2. A one-relator group $$\Gamma=F/\langle\langle w\rangle\rangle$$ has (virtual) cohomological dimension at most 2 by Lyndon and Cockroft, so in the context of your question we need to understand which are hyperbolic and which are coherent. Baumslag conjectured that such $$\Gamma$$ is always coherent, while Gersten conectured that $$\Gamma$$ is hyperbolic unless it contains a Baumslag--Solitar subgroup. These conjectures have been confirmed in certain cases:

• If $$\Gamma$$ has torsion (i.e. $$w$$ is a proper power) then $$\Gamma$$ is hyperbolic by the B.B. Newman Spelling theorem, and is coherent by recent work of Wise and Louder--W.

• If $$\Gamma$$ is 2-free, i.e. every 2-generated subgroup of $$\Gamma$$ is free, then $$\Gamma$$ is hyperbolic by very recent work of Linton, and coherent by another recent paper of Louder--W.

1. It is well known that random groups

$$\Gamma = \langle a_1,\ldots, a_m\mid w_1,\ldots,w_n\rangle$$

are a.a.s. hyperbolic in many regimes. They are also coherent by a recent paper of Kielak--Kropholler--Wilkes whenver $$n, and coherent with positive probability when $$n=m-1$$. It is reasonable to conjecture that they are still a.a.s. coherent when $$n=m-1$$, but a.a.s incoherent when $$n\geq m$$, and also in the density model.

As far as I know, the membership problem remains open in all these cases. It certainly isn't known for general locally hyperbolic groups.

• So every finitely generated subgroup of a one-relator group with torsion is hyperbolic! In particular, every such subgroup has decidable conjugacy problem. This is a really nice (recent) extension of Bill Newman’s old result. Jul 4 at 9:26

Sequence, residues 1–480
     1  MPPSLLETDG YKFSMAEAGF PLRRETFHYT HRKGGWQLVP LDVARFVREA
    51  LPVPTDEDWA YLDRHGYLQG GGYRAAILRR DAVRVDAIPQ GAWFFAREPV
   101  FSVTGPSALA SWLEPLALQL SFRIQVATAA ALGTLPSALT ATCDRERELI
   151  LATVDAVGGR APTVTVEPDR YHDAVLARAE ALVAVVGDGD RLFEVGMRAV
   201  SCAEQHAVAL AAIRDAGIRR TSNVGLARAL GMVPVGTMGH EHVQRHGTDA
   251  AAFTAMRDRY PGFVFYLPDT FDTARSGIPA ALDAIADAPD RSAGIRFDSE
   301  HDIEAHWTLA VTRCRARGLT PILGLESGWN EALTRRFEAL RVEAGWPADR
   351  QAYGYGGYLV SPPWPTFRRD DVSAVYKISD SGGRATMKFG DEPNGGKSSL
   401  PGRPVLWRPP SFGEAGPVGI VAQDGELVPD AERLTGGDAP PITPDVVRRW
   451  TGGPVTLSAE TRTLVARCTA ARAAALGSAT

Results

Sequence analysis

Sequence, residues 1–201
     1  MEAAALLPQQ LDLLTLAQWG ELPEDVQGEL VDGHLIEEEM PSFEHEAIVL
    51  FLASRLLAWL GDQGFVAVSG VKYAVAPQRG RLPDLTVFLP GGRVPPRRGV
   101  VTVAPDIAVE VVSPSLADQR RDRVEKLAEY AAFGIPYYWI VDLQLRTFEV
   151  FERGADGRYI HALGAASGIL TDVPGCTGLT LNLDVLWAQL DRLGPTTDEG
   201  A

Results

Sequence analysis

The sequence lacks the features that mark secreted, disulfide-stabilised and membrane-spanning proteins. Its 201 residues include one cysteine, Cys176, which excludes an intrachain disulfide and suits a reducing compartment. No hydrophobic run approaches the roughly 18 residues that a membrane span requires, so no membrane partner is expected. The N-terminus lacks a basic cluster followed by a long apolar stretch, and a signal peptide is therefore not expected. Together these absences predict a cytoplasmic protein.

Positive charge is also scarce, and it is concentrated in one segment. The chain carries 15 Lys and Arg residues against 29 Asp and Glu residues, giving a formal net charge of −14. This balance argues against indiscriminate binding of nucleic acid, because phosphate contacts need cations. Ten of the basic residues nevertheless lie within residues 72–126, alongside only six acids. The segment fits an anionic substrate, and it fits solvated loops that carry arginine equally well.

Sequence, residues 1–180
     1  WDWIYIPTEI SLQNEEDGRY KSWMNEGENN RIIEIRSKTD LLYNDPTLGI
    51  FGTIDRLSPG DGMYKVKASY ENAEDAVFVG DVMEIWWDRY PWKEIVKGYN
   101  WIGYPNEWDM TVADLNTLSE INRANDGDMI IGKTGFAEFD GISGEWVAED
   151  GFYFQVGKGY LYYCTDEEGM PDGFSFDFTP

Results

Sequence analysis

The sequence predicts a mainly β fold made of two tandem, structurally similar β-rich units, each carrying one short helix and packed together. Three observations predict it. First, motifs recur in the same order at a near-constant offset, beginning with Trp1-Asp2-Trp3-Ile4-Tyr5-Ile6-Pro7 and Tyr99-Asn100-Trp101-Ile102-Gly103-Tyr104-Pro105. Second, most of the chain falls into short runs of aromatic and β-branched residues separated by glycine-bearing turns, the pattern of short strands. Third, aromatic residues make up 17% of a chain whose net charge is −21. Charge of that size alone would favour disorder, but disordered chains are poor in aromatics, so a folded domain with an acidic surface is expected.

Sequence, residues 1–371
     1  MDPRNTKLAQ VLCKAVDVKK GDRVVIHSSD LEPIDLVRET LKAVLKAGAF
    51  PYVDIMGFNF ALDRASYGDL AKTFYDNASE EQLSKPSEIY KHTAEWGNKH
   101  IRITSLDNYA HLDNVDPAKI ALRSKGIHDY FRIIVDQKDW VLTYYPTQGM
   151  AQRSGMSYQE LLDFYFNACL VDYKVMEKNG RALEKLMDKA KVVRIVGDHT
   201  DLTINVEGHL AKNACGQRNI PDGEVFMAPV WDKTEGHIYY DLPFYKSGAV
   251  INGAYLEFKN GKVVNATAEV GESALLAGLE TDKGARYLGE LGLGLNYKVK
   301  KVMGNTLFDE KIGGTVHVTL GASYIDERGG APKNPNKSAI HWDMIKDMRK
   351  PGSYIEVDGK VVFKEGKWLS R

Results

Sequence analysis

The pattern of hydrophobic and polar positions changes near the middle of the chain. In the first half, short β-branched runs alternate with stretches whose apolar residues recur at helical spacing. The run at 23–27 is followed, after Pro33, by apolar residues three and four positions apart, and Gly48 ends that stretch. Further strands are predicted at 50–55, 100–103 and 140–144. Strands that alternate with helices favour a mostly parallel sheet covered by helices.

• @Carl-FredrikNybergBrodda: Sure. The 2-free examples (we call them "negative immersions") can also be seen as a much deeper, and much more generic, extension of Newman's theorem.
– HJRW
Jul 4 at 9:30
• How "effective" is this decidability? For example, if $G = \langle a, t \mid (t^{-1} a^{-1} t a^2)^2 = 1 \rangle$, and $H$ is the subgroup of $G$ generated by $\{ t, a^2, ata^{-1} \}$, how hard is it to decide (in practice) whether $ata^{-2}t^{-1}a^{-1}t^{-1}$ is conjugate to $a^{-4}t^{-1}$ in $H$? (Example chosen at "random", but spoiler: the answer should be "yes, they are conjugate". However, $H$ is a torsion-free one-relator group, so we cannot rely on Newman's theorem). Jul 4 at 12:25
• @Carl-FredrikNybergBrodda: Since you seem to know a presentation for your subgroup $H$ in advance, it can be decided just because a hyperbolic structure for $H$ can be found. But in general, it’s not clear whether or not Gersten’s theorem is effective: given a generating set for a hyperbolic subgroup $H$ of a 2d hyperbolic group, can a presentation for $H$ be computed? Similarly, there’s no known example of a coherent group with unsolvable presentation problem.